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Inside Good Comics For Kids

Cryptids, Ghosts, and Monsters|Books in Brief

Detail of cover of Martian Ghost Centaur

Here’s a collection of titles that feature cryptids, ghosts, and zombies. But all the stories resonate more than just fear and thrills.

Cover of The Last Kids on Earth: Thrilling Tales from the Tree House

The Last Kids on Earth: Thrilling Tales from the Tree House
By Max Braillier, Douglas Holgate & Friends
Penguin Random House, 2021
Grades 4 and up

The Last Kids on Earth is a popular prose series and a Netflix animated series. It’s only natural that the series, which is illustrated, would make it as a graphic novel. The comic isn’t a retelling of the original series, but instead, has all the friends battling for a chance to battle a monster by telling a story about their fiercest fight. The stories are filled with humor, action, and adventure. For readers who’ve never read The Last Kids on Earth, it might be a way to introduce them to the series, and for those who are already fans, they will love to see more epic adventures.

When the kids are in the treehouse, blue tones are used to color the story, but the adventures they retell are fully colorized. Holgate, the original artist of the series, had some “assistance” and various artists drew the different stories. The artwork will thrill readers with just enough gore and fun. And though there are differences in the style, there is a cohesive look to the artwork.

This is a must-add to graphic novel collections in classrooms and libraries.

Cover of Martian Ghost Centaur

Martian Ghost Centaur
By Mat Heagerty and Steph Mided
Oni Press, 2021
Grades 7 and Up

17-year-old Louie loves her town of Southborough and the lore it’s built on. Before she was born, one of her dads was scared by a Sasquatch, and the town became a major tourist attraction. But with cell phones and technology, the cryptid craze died down as did the tourism, draining the town’s economy. Her Dads might have to sell their diner, and many people have already sold to a tech start-up looking to buy up the town. Louie though is determined to save her Dads’ diner and the town, so she cooks up a plan to scare the tech predators with a fake Martian Ghost Centaur.

There are colorful and fun characters in this book. Each gives a huge flavor to the town and story. Humor is peppered throughout with silly scenarios, like the Air B&B that Louie runs from her bedroom closet. Readers will sympathize with Louie, who is trying to hold on to her old ways and keep her town viable, while best friend Felix is looking to move on.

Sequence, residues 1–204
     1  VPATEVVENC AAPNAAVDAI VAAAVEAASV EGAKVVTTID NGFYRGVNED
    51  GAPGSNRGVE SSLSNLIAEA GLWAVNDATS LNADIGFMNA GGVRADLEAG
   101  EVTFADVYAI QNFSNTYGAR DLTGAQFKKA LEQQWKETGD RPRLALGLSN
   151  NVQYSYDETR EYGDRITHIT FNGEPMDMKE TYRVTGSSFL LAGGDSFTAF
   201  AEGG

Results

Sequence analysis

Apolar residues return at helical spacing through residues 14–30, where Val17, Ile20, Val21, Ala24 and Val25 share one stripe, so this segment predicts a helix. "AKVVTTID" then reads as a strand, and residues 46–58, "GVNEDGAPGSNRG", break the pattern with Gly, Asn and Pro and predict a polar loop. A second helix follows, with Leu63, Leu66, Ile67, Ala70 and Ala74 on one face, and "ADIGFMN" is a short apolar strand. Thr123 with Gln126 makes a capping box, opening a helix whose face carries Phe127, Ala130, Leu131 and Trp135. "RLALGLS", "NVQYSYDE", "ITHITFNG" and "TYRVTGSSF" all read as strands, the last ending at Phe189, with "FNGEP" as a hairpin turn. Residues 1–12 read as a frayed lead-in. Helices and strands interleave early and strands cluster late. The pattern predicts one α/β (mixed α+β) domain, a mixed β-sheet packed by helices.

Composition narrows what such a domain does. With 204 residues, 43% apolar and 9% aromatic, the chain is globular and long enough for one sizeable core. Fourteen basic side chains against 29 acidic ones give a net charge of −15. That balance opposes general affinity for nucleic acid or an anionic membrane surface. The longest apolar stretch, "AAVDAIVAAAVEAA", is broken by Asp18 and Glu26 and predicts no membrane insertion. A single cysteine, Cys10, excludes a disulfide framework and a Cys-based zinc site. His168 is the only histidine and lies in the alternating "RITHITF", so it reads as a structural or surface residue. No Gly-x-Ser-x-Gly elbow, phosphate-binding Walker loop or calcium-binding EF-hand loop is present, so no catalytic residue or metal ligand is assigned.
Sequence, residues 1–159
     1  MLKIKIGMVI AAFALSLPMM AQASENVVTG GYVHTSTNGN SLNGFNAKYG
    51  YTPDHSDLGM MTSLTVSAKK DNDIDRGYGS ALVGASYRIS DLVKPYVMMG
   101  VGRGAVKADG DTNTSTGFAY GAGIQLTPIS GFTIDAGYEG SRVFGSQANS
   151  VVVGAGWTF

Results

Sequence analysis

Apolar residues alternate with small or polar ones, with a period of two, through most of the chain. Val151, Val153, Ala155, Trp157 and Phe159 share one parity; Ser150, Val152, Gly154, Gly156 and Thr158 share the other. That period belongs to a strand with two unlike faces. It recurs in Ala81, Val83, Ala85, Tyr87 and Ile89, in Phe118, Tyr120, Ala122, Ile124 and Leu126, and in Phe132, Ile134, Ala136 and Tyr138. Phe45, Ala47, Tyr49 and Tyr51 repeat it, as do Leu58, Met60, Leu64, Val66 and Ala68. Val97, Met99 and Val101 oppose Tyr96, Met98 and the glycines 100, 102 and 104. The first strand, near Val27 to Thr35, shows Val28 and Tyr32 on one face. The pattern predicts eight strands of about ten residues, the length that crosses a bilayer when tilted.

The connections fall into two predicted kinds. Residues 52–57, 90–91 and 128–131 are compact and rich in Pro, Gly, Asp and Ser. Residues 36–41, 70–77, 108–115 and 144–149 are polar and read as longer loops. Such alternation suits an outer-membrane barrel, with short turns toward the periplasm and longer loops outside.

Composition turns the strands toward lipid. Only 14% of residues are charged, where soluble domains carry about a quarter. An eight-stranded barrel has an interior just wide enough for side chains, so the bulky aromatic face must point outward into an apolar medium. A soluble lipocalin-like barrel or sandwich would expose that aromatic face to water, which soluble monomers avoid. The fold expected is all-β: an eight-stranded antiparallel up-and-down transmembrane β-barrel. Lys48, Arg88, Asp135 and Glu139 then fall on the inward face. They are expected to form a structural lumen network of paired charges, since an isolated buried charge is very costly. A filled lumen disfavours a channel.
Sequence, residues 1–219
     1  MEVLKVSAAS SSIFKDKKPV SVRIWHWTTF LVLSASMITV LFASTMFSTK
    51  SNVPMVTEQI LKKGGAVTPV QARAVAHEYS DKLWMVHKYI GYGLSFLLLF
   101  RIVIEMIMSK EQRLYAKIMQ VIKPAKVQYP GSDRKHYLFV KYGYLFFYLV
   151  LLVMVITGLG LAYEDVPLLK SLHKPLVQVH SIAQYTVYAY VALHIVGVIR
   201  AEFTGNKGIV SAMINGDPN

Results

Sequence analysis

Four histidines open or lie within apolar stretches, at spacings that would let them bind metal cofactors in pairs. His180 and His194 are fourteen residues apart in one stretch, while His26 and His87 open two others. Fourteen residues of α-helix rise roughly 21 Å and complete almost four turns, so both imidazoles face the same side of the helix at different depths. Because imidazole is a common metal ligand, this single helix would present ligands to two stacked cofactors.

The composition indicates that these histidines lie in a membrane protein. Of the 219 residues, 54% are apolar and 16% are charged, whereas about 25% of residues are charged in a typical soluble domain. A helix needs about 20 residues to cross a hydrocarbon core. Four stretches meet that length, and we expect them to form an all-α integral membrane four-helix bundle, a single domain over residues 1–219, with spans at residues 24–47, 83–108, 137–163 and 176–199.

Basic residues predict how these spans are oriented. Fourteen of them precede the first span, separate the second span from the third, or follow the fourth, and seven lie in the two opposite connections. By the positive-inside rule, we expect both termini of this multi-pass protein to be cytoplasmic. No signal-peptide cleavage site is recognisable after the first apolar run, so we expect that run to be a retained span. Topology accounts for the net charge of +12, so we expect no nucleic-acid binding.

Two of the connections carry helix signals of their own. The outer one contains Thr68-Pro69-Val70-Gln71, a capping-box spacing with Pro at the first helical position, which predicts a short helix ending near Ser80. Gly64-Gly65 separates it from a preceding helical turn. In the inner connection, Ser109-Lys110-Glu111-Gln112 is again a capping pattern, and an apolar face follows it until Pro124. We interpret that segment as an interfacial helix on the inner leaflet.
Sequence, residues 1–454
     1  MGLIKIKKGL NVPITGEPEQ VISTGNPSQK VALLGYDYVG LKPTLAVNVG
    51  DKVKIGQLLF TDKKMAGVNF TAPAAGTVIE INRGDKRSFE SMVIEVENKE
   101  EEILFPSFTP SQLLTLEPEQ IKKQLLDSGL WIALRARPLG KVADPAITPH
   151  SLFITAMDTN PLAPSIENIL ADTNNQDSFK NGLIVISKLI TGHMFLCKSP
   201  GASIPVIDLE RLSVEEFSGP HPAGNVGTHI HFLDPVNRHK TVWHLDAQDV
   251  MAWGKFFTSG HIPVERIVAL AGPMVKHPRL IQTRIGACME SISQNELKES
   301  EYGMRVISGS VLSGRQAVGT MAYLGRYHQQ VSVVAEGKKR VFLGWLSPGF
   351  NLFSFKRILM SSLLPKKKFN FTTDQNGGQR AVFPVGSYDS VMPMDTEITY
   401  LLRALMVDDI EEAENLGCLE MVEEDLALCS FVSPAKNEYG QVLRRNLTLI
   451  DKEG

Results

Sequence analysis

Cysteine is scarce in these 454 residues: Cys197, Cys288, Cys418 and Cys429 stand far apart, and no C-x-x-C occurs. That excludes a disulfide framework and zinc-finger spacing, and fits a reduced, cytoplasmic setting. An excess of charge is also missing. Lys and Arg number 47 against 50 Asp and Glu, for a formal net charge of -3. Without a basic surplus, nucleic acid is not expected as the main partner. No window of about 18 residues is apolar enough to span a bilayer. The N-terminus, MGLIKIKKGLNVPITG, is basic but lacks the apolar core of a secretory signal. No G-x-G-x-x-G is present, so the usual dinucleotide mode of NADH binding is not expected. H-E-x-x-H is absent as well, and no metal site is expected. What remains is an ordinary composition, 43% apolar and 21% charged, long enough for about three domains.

The artwork pops with bright colors and clean lines. At times the characters’ reactions are exaggerated in a manga style, and it works very well. The hyperbole in the artwork and story just adds to the humor.

YA readers who enjoy a bit of the supernatural and lots of humor will really enjoy this book. There’s a lot of room for more stories with Louie and the people of Southborough.

Cover of The Big Break

The Big Break
By Mark Tatulli
Little Brown and Company, 2020
Grades 5 and up

Best friends Andrew and Russ are working on a video project. Their love is hunting cryptids, and they are focused on proving there is a Jersey Devil, which is part of the local lore. The local librarian, Miss Robins, encourages and aids the boys in their quest. But when Russ starts hanging out with Tara, suddenly Andrew isn’t mature enough to be with him. He’s spending less time on the movie, and he seems not to believe in the cryptid anymore. The boys have a huge fight that seems not to have any end in sigh,t until there is a sighting of the Jersey Devil. The boys along with their friends and Miss Robins set out to find it and finally prove its truth. But will Andrew and Russ’s fight go too far and harm Miss Robins?

This is a great coming-of-age story about friendship and angst. Often when I read stories with these themes, girls are the central characters, so it was refreshing to see boys portrayed trying to navigate middle school friendship while each friend drifts in a different direction. The characters are well drawn and likable. Readers will be able to identify with many of the emotions conveyed in the books.

The artwork is large and bright. The characters are expressive. Tatulli makes good use of the panels, varying them in different ways to further the story, as in a side-by-side scene where Andrew and Russ are in their own homes following a cryptid story, each wanting to contact the other. They both fall back, deflated, as they realize they aren’t talking to their friends.

This is a great read for middle school and middle-grade readers. And the surprise ending will satisfy all.

Editor’s Note: For more spooky stories, check out Johanna Draper Carlson’s 2018 post, Ghosts: A Not-So-Scary Roundup.

Esther Keller About Esther Keller

Esther Keller is the librarian at JHS 278, Marine Park in Brooklyn, NY. There she started the library's first graphic novel collection and strongly advocated for using comics in the classroom. She also curates the Graphic Novel collection for the NYC DOE Citywide Digital Library. She started her career at the Brooklyn Public Library and later jumped ship to the school system so she could have summer vacation and a job that would align with a growing family's schedule. On the side, she is a mother of 4 and regularly reviews for SLJ and School Library Connection (formerly LMC). In her past life, she served on the Great Graphic Novels for Teens Committee where she solidified her love and dedication to comics.

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